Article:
The Wizards are more than likely pleased that the contract for Okafor and Ariza expire just as John Wall is coming up for an extension. But consider that final year. Assuming neither player opts out (and  if they do, that’s actually worse, because now you’re already committed to the win now concept but just lost one of your valued veterans — Okafor has an Early Termination Option and Ariza a Player Option for 2013-2014), they’ll be going into that season with a 28-year-old Ariza, and a 31-year-old Okafor and Nene. If things go as planned, they won’t have a very good pick in the 2013 draft, because they’ll have improved enough to either escape the lottery or be at the very far reaches of it.

So you enter the final year of Ariza and Okafor’s deals trying to convince John Wall after having either made the playoffs and been vanquished in the first round under any conceivable matchup (does that team beat the Bulls without Derrick Rose, even?), or having won 35 games but barely missed the playoffs. You’re trying to convince John Wall to sign the extension (which he inevitably will, either during the season or in restricted free agency; guys don’t leave off their rookie years, just doesn’t happen). And so that’s when that team either has to sell out to try and make a big jump, or, if they haven’t really accomplished anything or if they get off to a bad start because of the way the team is constructed, they have to blow it up, tanking out.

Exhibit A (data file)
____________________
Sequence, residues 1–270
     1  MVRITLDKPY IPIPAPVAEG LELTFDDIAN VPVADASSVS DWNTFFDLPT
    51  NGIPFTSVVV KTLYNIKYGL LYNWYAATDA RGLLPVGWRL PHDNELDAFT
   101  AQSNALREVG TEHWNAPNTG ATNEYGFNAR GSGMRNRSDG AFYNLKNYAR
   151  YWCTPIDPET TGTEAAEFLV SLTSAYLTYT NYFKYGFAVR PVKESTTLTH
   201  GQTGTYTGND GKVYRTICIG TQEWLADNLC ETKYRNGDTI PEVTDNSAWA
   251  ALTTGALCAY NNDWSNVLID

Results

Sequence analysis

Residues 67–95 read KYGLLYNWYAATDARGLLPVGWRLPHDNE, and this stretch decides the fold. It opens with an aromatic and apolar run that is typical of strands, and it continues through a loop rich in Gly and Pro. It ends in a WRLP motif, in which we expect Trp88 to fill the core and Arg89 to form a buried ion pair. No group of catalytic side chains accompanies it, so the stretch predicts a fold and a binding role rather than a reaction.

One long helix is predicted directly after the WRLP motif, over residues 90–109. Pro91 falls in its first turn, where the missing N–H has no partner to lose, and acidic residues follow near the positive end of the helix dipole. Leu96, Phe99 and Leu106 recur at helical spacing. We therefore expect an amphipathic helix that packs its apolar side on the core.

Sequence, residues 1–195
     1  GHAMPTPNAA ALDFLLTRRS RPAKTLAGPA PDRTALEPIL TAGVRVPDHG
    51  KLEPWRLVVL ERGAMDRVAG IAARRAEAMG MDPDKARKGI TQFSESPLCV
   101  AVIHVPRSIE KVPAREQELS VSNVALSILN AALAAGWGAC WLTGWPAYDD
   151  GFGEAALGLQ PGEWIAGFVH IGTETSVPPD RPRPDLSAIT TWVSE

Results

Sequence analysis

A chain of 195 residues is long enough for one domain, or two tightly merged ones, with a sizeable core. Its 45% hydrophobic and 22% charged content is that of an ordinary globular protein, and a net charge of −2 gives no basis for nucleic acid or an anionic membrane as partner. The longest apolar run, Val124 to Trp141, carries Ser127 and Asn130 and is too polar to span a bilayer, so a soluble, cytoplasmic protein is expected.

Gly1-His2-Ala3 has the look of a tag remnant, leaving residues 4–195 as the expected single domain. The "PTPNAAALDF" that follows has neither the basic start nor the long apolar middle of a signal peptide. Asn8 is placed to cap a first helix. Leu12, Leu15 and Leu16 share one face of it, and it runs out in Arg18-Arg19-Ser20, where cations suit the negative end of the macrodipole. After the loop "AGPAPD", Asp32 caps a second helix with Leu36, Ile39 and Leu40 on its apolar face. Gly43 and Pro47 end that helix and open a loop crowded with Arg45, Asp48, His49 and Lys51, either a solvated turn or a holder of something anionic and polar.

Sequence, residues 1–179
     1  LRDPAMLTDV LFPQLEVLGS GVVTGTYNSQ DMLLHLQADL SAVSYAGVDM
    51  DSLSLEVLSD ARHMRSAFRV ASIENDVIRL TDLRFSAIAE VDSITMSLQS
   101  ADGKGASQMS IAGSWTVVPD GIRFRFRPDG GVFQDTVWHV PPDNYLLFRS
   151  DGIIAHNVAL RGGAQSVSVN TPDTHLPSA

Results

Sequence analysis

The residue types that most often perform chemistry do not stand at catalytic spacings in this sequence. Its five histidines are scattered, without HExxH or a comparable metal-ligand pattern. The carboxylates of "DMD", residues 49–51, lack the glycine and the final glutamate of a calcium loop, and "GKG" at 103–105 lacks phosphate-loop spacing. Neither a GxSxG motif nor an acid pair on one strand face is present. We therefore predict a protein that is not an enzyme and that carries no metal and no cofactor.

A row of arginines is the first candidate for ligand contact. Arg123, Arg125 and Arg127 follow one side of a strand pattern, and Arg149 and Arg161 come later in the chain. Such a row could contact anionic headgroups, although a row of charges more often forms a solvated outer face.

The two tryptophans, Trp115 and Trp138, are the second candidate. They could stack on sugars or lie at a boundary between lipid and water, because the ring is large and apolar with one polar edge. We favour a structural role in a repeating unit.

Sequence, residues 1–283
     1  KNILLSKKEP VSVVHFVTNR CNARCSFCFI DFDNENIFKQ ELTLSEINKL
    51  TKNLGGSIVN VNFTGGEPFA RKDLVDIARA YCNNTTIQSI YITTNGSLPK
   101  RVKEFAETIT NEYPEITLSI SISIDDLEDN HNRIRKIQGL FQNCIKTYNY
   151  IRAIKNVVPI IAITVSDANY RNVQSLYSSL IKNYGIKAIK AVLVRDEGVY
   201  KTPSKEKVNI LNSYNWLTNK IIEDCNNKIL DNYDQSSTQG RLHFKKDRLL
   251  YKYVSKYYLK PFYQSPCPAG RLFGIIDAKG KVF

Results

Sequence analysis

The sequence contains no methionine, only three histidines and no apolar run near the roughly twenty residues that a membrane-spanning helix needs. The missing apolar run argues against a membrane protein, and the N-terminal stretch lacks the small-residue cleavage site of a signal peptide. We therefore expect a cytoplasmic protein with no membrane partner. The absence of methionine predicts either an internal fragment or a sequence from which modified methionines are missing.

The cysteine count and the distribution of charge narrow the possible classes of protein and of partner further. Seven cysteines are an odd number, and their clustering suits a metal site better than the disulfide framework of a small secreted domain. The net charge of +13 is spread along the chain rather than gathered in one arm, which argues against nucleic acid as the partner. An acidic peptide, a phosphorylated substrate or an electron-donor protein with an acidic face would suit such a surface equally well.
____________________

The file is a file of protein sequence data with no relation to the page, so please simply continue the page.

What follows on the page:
So then that next year holds even more promise for a return to the high lottery as Nene turns 32 before the start of the season.

As long as you don’t trade them a player that makes them so considerably better that they improve to the point of avoiding that situation? You could wind up with quite the asset by obtaining a draft pick from Washington in either year.